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Family Process Heft 1/2011
1/2011 - 2/2011 - 3/2011 - 4/2011 - Überblick


Imber-Black, Evan (2011): Family Process: From Beginnings to Tomorrow. In: Family Process 50 (1): S. 1-3


Beels, C. Christian (2011): Family Process 1962-1969. In: Family Process 50 (1): S. 4-11.

abstract: This is a personal recollection of the first 8 years of Family Process, the volumes published under the first Editor, Jay Haley, and strongly influenced by the Mental Research Institute at Palo Alto, of which Haley was a member. The later influence of the group‘s „double bind“ hypothesis of schizophrenia is explored. Some ideas about the influence of theory on practice are suggested. Several examples of experiments in the social setting of family work are picked out of these volumes because of their influence on later programs. Finally, the essay offers a retrospective appreciation of the influence of Gregory Bateson on the mood of „revolution“ forecast in the opening years of Family Process.


Bacigalupe, Gonzalo & Susan Lambe (2011): Virtualizing Intimacy: Information Communication Technologies and Transnational Families in Therapy. In: Family Process 50 (1): S. 12-26.

abstract: Information communication technologies (ICTs) are a ubiquitous feature of immigrant family life. Affordable, widely accessible, and highly adaptable ICTs have transformed the immigrant experience into a transnational process with family networks redesigned but not lost. Being a transnational family is not a new phenomenon. Transnationalism, however, has historically been reserved for the wealthier professional and political immigrant class who were able to freely travel and use expensive forms of communication before the emergence of accessible technologies. This paper systematically reviews the research literature to investigate the potential impact of ICTs on the lives of transnational families and how these families utilize them. The wide penetration of ICTs also puts into question some of the ways in which scholars have conceptualized the immigrant experience. The appropriate use of technology in family therapy should strengthen culturally competent and equity-based approaches to address the needs of these families. A family therapy with a transnational family illuminates some of the potential that these technologies introduce in the practice of relational clinicians.


Weine, Stevan Merrill, Yael Hoffman, Norma Ware, Toni Tugenberg, Leonce Hakizimana, Gonwo Dahnweigh, Madeleine Currie & Maureen Wagner (2011): Secondary Migration and Relocation Among African Refugee Families in the United States. In: Family Process 50 (1): S. 27-46.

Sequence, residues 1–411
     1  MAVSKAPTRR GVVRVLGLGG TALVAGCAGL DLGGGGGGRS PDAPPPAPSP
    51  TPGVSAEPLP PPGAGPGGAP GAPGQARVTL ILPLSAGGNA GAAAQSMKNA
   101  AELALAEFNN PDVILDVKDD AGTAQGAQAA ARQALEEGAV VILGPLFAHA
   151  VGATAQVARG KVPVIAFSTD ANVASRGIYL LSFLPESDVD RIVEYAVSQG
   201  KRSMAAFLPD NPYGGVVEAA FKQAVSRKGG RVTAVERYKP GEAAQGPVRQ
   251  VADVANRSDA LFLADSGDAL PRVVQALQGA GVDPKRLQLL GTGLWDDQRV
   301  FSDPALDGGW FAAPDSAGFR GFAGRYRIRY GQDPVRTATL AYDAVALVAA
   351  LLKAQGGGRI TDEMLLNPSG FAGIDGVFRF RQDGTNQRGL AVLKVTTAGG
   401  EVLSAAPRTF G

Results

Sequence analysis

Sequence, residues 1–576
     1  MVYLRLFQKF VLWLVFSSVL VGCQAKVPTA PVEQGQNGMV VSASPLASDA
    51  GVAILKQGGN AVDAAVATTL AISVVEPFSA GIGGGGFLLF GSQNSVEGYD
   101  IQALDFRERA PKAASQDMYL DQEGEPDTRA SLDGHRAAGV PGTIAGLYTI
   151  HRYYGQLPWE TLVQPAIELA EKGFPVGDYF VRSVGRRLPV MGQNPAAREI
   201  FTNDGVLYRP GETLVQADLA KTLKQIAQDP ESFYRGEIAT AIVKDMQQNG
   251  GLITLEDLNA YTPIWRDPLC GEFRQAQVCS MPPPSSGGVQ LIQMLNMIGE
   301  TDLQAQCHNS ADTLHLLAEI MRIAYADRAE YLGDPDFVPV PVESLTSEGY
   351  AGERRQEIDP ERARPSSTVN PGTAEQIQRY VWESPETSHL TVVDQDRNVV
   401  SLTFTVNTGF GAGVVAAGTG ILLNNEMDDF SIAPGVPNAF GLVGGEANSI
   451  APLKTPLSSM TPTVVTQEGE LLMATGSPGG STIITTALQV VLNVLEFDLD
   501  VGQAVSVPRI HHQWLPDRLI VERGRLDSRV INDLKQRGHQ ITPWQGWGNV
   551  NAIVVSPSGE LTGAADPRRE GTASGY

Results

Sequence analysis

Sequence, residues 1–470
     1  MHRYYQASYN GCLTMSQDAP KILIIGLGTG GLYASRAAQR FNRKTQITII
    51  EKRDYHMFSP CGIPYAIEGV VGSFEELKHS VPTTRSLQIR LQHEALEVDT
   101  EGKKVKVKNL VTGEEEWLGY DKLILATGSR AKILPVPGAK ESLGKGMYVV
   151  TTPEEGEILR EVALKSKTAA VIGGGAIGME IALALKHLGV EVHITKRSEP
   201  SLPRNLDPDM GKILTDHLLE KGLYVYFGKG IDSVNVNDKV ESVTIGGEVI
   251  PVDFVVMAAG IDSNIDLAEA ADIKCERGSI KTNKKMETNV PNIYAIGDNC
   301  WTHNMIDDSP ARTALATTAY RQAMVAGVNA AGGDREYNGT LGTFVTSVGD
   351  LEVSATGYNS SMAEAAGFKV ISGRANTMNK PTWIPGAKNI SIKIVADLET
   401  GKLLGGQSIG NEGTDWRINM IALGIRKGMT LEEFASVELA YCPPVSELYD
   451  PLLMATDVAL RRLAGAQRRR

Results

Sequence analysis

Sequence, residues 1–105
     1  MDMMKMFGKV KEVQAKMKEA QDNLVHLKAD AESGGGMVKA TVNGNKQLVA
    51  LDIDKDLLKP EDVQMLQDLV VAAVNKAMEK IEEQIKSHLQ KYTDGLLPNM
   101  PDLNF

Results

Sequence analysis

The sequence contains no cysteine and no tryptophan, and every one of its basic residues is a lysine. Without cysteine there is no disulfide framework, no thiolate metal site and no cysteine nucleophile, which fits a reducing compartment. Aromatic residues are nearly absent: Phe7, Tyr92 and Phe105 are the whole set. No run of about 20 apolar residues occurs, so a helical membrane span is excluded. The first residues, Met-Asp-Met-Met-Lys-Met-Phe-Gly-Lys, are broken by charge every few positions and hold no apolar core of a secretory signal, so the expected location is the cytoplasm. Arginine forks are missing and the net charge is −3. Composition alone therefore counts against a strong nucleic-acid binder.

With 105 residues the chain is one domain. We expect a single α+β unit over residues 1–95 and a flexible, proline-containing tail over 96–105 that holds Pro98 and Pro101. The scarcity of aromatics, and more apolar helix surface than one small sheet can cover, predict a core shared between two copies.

abstract: The purpose of this study was to understand the secondary migration and relocation of African refugees resettled in the United States. Secondary migration refers to moves out of state, while relocation refers to moves within state. Of 73 recently resettled refugee families from Burundi and Liberia followed for 1 year through ethnographic interviews and observations, 13 instances of secondary migration and 9 instances of relocation were identified. A family ecodevelopmental framework was applied to address: Who moved again, why, and with what consequences? How did moving again impact family risk and protective factors? How might policies, researchers, and practitioners better manage refugees moving again? Findings indicated that families undertook secondary migration principally for employment, affordable housing, family reunification, and to feel more at home. Families relocated primarily for affordable housing. Parents reported that secondary migration and relocation enhanced family stability. Youth reported disruption to both schooling and attachments with peers and community. In conclusion, secondary migration and relocation were family efforts to enhance family and community protective resources and to mitigate shortcomings in resettlement conditions. Policymakers could provide newly resettled refugees jobs, better housing and family reunification. Practitioners could devise ways to better engage and support those families who consider moving.


Brimhall, Andrew Scott & Michelle Lee Engblom-Deglmann (2011): Starting Over: A Tentative Theory Exploring the Effects of Past Relationships on Postbereavement Remarried Couples. In: Family Process 50 (1): S. 47-62.